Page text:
Week in Warsaw, Part 2

the setting:       Wilanow Palace, the "Polish Versailles"

the once-upon-a-time part:     once in a land far far away . . .

a beautiful maiden mastered many a language, perfect poise, love-of-life, and all things in between . . .

meet magda!

she twirled.

she laughed.

her spirit aglow . . .

perhaps life seemed nearly complete.

yet . . . 

half a world away, from across the salty sea, a ribbon of light-hearted humor drifted into her midst

with a nibble and a squeeze the handsome prince (enter:  jan!) whispered in magdalena's ear the discovery of a shared past . . .

their story is this:

[an excerpt from jan's Win-Our-Hearts-Win-Your-Wedding entry]

From a History in the Homeland of Poland
Jan’s parents were both born in Poland but eventually ended up in Canada, where Jan was born and raised. 
It was a long journey. 
During WWII, Jan’s Father fought the Nazis for a free Warsaw, was wounded and taken prisoner. Later liberated by American forces, he fought with the British to the end of the war and started a new life in Canada. At the start of WWII, Jan’s Mother’s home in Poland was annexed by the Soviets: she was deported to Siberia, escaped to India and finally made her way to Canada.



during the cold war, returning to poland for the krasnodebski family, or even re-establishing strong ties, was unthinkable. but krasnodebski clan "kept strong Polish traditions" through the years and gathered with gusto in warsaw for jan + magda's wedding festivities.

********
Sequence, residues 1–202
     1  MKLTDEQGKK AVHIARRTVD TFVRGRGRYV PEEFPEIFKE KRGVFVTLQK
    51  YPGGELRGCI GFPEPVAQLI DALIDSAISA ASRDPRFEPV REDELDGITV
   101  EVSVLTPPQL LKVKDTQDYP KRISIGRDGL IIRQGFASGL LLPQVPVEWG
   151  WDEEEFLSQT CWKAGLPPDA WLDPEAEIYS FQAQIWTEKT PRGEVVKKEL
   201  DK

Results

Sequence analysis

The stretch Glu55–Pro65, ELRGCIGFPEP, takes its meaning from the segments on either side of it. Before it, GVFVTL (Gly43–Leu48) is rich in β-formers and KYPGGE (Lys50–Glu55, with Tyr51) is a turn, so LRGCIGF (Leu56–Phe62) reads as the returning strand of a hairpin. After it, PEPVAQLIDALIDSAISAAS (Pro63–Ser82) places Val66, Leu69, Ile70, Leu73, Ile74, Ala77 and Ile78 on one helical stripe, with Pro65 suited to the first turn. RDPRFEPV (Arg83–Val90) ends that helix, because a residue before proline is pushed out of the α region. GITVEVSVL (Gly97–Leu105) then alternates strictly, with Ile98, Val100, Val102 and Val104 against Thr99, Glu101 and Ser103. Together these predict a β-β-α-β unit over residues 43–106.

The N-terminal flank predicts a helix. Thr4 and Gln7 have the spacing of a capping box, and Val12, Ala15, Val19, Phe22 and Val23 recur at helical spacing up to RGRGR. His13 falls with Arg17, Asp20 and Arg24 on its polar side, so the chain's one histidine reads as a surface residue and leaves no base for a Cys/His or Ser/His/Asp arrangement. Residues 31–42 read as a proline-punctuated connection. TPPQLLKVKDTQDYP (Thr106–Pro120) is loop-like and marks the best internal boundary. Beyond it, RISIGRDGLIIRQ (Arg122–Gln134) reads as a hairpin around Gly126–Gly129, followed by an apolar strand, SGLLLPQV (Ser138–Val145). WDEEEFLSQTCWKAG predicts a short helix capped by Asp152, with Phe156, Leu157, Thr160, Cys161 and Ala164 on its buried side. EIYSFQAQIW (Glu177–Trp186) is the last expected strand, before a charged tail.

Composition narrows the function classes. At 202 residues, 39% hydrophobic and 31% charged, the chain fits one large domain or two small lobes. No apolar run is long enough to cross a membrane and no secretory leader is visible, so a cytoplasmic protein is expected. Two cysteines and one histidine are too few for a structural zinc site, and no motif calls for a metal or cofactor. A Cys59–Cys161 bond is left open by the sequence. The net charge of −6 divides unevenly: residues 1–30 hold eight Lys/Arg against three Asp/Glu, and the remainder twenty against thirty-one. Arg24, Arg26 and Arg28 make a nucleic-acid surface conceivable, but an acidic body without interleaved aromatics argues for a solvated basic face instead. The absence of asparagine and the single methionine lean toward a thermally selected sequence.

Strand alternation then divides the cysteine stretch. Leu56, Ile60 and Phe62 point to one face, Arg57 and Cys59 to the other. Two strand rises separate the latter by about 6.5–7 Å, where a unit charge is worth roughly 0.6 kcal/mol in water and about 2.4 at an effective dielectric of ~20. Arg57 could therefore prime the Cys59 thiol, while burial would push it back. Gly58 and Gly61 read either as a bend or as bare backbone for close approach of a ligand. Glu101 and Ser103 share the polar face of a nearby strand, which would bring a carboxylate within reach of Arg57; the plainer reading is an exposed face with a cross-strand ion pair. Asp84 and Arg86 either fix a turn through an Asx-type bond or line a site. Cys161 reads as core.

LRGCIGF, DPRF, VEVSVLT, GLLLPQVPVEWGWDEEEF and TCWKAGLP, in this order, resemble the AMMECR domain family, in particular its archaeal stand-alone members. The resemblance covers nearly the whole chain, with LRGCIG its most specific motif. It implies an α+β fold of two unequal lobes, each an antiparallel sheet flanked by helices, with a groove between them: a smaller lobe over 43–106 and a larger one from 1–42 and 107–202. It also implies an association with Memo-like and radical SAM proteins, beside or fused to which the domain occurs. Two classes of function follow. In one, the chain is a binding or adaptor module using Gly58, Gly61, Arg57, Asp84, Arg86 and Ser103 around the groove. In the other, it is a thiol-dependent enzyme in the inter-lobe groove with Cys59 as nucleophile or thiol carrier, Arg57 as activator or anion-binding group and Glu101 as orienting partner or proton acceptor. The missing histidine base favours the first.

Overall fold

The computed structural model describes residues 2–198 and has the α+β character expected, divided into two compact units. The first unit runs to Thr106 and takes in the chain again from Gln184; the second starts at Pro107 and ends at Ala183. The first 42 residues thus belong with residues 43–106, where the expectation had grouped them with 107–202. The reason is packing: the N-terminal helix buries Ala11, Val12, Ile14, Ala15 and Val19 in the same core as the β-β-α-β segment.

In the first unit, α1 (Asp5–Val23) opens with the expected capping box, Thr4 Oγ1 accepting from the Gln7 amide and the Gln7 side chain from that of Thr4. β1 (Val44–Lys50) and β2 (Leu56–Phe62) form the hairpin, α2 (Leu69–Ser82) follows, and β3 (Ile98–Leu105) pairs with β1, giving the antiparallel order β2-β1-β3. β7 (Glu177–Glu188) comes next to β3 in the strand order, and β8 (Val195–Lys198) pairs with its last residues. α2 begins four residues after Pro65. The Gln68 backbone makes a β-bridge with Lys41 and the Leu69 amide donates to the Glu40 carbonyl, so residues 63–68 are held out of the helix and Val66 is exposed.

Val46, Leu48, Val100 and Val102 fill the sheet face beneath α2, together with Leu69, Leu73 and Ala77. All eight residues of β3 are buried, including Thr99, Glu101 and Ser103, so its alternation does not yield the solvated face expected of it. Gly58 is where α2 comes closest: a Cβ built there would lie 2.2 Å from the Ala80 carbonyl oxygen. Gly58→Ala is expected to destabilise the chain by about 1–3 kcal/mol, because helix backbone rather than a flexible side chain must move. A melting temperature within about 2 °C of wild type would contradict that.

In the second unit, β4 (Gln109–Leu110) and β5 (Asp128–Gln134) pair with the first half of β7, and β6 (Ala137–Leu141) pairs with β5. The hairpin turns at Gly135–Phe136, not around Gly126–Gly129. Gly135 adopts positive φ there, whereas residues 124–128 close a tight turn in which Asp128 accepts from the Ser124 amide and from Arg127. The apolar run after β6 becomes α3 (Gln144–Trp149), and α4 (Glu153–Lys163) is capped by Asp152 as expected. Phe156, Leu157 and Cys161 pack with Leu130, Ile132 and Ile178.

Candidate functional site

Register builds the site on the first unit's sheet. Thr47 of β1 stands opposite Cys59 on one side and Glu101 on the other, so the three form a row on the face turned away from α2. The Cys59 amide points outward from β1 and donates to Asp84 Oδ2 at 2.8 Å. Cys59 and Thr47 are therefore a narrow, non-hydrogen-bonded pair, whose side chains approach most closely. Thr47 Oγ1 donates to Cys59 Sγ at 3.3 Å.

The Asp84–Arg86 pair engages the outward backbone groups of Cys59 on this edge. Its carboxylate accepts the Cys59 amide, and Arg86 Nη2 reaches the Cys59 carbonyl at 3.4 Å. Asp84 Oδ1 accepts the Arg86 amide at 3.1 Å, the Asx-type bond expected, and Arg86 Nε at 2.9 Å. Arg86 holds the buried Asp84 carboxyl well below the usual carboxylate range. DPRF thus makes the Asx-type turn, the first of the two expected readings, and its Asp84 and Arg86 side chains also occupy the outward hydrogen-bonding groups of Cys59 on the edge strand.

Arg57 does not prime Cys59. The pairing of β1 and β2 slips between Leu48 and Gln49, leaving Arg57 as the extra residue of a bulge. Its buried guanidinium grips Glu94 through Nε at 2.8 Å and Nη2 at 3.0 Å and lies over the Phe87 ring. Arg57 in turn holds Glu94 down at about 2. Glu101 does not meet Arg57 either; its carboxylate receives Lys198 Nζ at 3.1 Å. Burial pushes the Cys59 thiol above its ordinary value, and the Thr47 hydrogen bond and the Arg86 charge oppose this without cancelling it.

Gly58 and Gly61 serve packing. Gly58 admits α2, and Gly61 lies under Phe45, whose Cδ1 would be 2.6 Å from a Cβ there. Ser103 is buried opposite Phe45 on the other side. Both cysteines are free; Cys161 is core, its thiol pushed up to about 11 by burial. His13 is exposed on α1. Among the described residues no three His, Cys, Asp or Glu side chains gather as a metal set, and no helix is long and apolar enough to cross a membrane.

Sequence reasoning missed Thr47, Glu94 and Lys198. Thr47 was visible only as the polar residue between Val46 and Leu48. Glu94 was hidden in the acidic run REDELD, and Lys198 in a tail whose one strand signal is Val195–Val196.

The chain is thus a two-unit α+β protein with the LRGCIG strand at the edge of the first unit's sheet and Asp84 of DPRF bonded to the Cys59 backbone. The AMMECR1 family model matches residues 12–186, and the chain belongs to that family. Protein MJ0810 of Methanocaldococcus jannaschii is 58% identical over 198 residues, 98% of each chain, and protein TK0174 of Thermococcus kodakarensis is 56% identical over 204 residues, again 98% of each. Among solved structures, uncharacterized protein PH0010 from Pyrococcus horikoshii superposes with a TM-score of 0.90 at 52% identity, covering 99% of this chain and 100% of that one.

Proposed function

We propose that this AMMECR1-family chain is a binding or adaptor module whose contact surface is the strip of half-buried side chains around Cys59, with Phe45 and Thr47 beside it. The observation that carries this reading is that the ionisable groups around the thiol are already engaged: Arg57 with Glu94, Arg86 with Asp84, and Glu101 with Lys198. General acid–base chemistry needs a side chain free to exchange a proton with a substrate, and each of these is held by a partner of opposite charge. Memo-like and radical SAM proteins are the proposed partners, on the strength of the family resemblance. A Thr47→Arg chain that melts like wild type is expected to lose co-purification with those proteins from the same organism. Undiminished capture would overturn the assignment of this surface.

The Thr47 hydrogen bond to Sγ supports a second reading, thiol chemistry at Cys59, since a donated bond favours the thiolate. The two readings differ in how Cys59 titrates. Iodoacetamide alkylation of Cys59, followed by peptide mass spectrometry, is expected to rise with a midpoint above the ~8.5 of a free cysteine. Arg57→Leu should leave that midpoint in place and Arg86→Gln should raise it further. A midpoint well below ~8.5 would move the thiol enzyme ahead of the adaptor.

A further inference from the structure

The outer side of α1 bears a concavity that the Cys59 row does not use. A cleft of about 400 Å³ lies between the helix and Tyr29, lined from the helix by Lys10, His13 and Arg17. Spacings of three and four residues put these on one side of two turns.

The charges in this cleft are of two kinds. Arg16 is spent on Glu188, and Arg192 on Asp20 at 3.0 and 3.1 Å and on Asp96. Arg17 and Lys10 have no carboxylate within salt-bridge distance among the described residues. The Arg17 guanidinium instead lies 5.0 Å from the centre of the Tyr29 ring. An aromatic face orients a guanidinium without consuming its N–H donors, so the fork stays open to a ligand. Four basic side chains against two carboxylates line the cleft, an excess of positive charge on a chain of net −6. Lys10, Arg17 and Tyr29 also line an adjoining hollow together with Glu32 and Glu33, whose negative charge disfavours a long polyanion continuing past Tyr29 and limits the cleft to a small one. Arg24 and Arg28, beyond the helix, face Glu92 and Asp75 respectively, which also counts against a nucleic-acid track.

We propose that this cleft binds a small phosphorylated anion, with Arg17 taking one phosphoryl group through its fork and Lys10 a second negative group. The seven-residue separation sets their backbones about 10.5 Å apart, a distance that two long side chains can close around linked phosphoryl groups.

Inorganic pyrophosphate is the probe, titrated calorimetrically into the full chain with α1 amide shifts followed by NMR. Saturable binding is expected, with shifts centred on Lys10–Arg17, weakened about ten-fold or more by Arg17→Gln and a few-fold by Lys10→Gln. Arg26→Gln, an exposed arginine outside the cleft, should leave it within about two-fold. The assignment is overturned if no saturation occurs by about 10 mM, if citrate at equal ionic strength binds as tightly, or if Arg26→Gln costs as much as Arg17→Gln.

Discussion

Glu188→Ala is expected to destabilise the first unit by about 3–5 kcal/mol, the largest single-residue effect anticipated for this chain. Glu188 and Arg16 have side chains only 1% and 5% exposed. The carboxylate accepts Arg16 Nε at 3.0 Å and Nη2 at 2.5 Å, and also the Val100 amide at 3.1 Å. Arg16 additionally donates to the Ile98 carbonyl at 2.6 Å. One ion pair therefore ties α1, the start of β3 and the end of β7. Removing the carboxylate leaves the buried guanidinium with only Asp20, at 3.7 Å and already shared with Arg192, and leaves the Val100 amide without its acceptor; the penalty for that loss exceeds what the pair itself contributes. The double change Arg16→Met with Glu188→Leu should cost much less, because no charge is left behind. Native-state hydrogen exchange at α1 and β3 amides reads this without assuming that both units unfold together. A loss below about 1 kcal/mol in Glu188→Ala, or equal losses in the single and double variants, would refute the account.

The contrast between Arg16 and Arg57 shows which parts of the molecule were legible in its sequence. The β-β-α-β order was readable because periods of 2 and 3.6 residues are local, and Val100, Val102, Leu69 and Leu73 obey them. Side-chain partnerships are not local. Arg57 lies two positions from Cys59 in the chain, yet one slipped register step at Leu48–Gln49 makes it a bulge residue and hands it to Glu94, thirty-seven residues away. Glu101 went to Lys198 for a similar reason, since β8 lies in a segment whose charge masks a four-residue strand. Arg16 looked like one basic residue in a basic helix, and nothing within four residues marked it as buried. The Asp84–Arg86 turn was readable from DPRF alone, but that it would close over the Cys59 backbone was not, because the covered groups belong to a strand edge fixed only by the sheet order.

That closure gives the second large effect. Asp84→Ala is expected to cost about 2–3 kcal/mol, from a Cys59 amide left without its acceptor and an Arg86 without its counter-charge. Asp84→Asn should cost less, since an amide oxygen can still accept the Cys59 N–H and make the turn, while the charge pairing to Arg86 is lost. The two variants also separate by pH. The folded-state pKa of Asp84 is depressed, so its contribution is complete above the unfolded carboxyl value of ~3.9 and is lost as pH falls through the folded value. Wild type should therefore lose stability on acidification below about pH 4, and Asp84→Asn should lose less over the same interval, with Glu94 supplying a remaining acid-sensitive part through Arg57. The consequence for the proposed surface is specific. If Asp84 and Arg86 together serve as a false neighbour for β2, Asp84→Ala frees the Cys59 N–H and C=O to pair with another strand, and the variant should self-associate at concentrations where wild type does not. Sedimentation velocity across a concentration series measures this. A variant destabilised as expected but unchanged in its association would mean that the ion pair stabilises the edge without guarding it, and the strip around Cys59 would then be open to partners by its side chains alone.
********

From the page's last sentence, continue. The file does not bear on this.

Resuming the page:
[below: jan with magda, enveloped by jan's family:  

his parents to his left and his sister and her husband to jan's right ~

all of whom had traveled from toronto for this celebration.]

their story is epic. it represents a past that dates back long before jan's father, barely a teenager at the time, stepped up in honor and defense of his beloved country. one of our most favorite warsaw memories was being seated beside mr. krasnodebski on the drive from old town to wilanow as he pointed out landmarks from the war. 

"But what of Magda?" you ask. 

"Magda grew up in the Polish industrial town of Bydgoszcz. Thanks to the ending of the Cold War and Poland’s’ new found freedom, Magda completed her graduate studies in Sweden. Upon returning to Poland she moved to the capital of Warsaw, but was later transferred to Geneva, Switzerland, with work. Jan was already there at this time, having settled there after periods in Boston, Australia and New York City..."   


Magda's sister and brother-in-law live and work in the States, and thus two of the many who traveled from across the world to join in this celebration.  Magda's family at Wilanow:


what an experience Wilanow was.

a uniting of families. a connecting of souls . . .

passion . . .

. . . and play

. . . and this story has only just begun.